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Sinn Fein: Afraid to discuss a United Ireland?

Posted by Jason O on Jun 15, 2009 in Irish Politics

Never mind the hugs, let's hear the details.

Never mind the hugs, let's hear the details.

Sinn Fein have announced that they are launching an Irish Unity Task Force (An unfortunate phrase, I thought, but there you go.) headed up by Pearse Doherty and Conor Murphy here.  I think that this should be welcomed, but I have serious doubts as to whether SF will really want to discuss the actual mechanics of a United Ireland as opposed to the romantic reasons for it. Off the top of my head, a number of questions SF should answer:

1. The role of the DUP in the south. Will unionists have guaranteed seats in the cabinet?

2. The role of the British Monarch. Will this be recognised in a post-unity constitution?

3. Will the northern assembly have a guaranteed share of the republic’s tax revenue regardless of its tax contribution?

4. Will the Garda and PSNI be merged, and if so will PSNI forces be allowed operate in the south?

5. Will the British honours system be recognised?

6. Will there be a new flag?

7. Will the British Army be able to maintain recruiting offices in the north?

8. Will the new parliament be run along power sharing lines as in the north?     

9. Will Ulster-Scots be given equal status with Irish?

10. Will the Royal Irish Regiment be merged with the PDF?

11. Will the re-united state be a member of the Commonwealth?

12. Will Northern Ireland’s EU payments and quotas be deducted from our national entitlements?

In fairness to Sinn Fein, if they are willing to get into a detailed debate, warts and all, then that is to be applauded. I remain cynical, but then that’s just me.   

 
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Revenge of the PDs!

Posted by Jason O on Jun 12, 2009 in Irish Politics

The PDs strike back!

The PDs strike back!

Congratulations to Victor Boyhan, Barry Saul, Cait Keane, Bridget Teefy, Terry O’Flaherty, Declan McDonnell, Thomas Welby, Walter Lacey and Paul McAuliffe, all former Progressive Democrats, who got handsomely elected or reelected in the local elections. Some of them struggled to get elected as PDs, which just goes to show that even with good candidates the PD label was often more of a liability.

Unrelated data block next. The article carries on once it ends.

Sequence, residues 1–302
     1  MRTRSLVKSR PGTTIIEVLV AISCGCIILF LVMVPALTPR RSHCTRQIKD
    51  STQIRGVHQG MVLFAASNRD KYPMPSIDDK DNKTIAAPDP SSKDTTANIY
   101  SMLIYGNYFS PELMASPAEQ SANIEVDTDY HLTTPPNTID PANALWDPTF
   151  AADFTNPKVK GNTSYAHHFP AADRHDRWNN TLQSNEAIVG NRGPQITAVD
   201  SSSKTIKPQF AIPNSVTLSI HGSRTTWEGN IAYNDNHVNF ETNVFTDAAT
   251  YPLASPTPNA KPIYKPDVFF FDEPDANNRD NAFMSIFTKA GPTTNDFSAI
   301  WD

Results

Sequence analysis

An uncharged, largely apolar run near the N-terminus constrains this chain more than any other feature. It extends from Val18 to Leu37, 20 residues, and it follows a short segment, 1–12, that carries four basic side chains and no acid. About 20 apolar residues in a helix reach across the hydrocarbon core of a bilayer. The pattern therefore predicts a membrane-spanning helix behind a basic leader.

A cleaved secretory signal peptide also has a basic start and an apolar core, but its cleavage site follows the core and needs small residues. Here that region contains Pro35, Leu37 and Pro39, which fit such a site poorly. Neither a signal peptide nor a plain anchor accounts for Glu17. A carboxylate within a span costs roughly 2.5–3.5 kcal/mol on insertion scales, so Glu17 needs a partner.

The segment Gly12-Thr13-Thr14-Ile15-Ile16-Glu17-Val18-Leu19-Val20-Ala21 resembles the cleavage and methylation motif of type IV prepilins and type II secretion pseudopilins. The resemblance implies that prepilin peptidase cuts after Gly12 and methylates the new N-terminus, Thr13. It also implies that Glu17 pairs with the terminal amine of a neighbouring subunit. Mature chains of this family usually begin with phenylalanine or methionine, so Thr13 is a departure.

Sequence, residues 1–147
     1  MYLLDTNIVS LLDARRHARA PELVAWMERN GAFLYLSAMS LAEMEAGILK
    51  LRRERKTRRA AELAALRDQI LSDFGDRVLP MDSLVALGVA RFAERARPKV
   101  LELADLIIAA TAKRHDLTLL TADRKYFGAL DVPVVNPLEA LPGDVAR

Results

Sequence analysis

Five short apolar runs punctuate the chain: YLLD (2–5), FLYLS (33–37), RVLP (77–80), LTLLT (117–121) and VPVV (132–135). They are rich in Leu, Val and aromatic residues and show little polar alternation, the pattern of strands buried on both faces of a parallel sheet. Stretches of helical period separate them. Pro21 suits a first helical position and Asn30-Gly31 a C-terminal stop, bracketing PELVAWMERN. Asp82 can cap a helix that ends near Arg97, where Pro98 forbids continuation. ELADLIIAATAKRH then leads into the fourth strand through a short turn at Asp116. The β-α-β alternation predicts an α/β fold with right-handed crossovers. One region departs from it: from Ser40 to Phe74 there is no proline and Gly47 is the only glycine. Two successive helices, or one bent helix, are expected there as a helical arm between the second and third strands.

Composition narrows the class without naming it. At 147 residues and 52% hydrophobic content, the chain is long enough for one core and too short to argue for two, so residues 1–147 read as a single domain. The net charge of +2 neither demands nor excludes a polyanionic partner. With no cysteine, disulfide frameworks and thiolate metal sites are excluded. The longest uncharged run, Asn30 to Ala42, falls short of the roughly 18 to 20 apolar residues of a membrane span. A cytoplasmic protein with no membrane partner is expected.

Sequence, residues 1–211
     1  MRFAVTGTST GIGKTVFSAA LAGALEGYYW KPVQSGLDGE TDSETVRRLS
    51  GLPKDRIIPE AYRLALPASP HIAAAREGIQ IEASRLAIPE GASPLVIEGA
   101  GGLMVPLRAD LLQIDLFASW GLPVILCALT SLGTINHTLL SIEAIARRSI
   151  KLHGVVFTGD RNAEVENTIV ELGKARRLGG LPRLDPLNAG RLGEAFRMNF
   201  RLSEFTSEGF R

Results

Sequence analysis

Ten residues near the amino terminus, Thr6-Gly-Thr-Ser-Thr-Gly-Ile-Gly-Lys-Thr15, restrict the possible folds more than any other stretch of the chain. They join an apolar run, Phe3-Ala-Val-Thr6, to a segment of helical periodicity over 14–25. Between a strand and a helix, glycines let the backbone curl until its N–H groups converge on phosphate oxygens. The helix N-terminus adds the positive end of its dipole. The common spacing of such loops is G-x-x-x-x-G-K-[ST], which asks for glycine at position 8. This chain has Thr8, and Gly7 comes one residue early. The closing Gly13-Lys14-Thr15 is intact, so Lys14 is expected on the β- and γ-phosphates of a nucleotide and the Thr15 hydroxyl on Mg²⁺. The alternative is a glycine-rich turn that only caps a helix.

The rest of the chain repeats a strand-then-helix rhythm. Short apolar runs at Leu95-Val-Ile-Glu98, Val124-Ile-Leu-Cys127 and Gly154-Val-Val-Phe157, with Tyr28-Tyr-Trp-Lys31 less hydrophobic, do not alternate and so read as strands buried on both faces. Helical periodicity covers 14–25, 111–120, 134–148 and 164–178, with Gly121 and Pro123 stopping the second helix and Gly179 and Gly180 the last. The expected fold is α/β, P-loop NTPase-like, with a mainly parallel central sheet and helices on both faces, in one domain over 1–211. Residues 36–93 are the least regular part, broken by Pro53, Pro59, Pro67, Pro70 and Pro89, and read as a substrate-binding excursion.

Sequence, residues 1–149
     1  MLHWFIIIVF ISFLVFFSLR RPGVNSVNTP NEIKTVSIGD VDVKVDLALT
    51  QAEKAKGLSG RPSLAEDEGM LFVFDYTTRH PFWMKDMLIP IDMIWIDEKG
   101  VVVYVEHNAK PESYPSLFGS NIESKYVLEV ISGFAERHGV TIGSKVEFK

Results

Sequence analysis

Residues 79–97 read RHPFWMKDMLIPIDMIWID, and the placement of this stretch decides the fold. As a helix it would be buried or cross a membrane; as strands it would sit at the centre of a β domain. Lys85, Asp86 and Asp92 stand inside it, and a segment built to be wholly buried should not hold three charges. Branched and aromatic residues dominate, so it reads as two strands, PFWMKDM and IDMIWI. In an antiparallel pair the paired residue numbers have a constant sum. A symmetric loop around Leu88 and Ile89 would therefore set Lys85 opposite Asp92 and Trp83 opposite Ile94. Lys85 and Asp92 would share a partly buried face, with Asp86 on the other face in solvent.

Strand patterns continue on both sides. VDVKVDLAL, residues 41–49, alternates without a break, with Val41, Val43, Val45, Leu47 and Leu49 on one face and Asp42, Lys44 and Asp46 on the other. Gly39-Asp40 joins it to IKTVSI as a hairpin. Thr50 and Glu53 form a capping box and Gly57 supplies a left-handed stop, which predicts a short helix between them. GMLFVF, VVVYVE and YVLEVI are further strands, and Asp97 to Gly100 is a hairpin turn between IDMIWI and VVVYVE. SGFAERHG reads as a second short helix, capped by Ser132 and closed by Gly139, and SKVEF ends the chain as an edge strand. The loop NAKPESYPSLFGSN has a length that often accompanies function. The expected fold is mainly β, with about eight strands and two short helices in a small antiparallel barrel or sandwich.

Except when I ran, of course. I was just a shite candidate. I could have been running for the George Lee/Barack Obama Free €50 Notes For All Party and I still wouldn’t have gotten in.  

 
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Call the FG/Labour bluff: The Greens should demand publication of draft budget.

Posted by Jason O on Jun 12, 2009 in Irish Politics

The Dail? Debating the budget? What nonsense is this?

The Dail? Debating the budget? What nonsense is this?

The Green Party has suffered primarily because it has born the brunt of unpopular cutbacks and tax rises. Yet at the same time, Fine Gael and Labour have managed to benefit from that public anger whilst deftly sidestepping the bleeding obvious question as to what cutbacks would they reverse, and how would they pay for them?

Fianna Fail seem to be paralysed and out of ideas, incapable of thinking outside the box, so it is up to the Greens to do voters a service by asking these obvious questions. But how? One idea would be for the government to offer to publish the next budget in draft form before it is enacted, and then offer to genuinely debate and consider amendments. The government could provide Department of Finance assistance to the opposition to cost any proposed changes to it.

This is not a radical idea in other countries: The US Congress debates the budget for months before enactment, and they’re a proper country. Sure, the opposition may refuse to participate, but then how can they complain about cutbacks when they refuse to amend them when given the opportunity?  Imagine the theatre of Brian Lenihan asking for amendments, and then the Govt benches sitting quietly as the opposition rant and rave to avoid giving any. It will at least force FG and Labour to confront the issue.

Copyright © 2018 Jason O Mahony All rights reserved. Email: Jason@JasonOMahony.ie.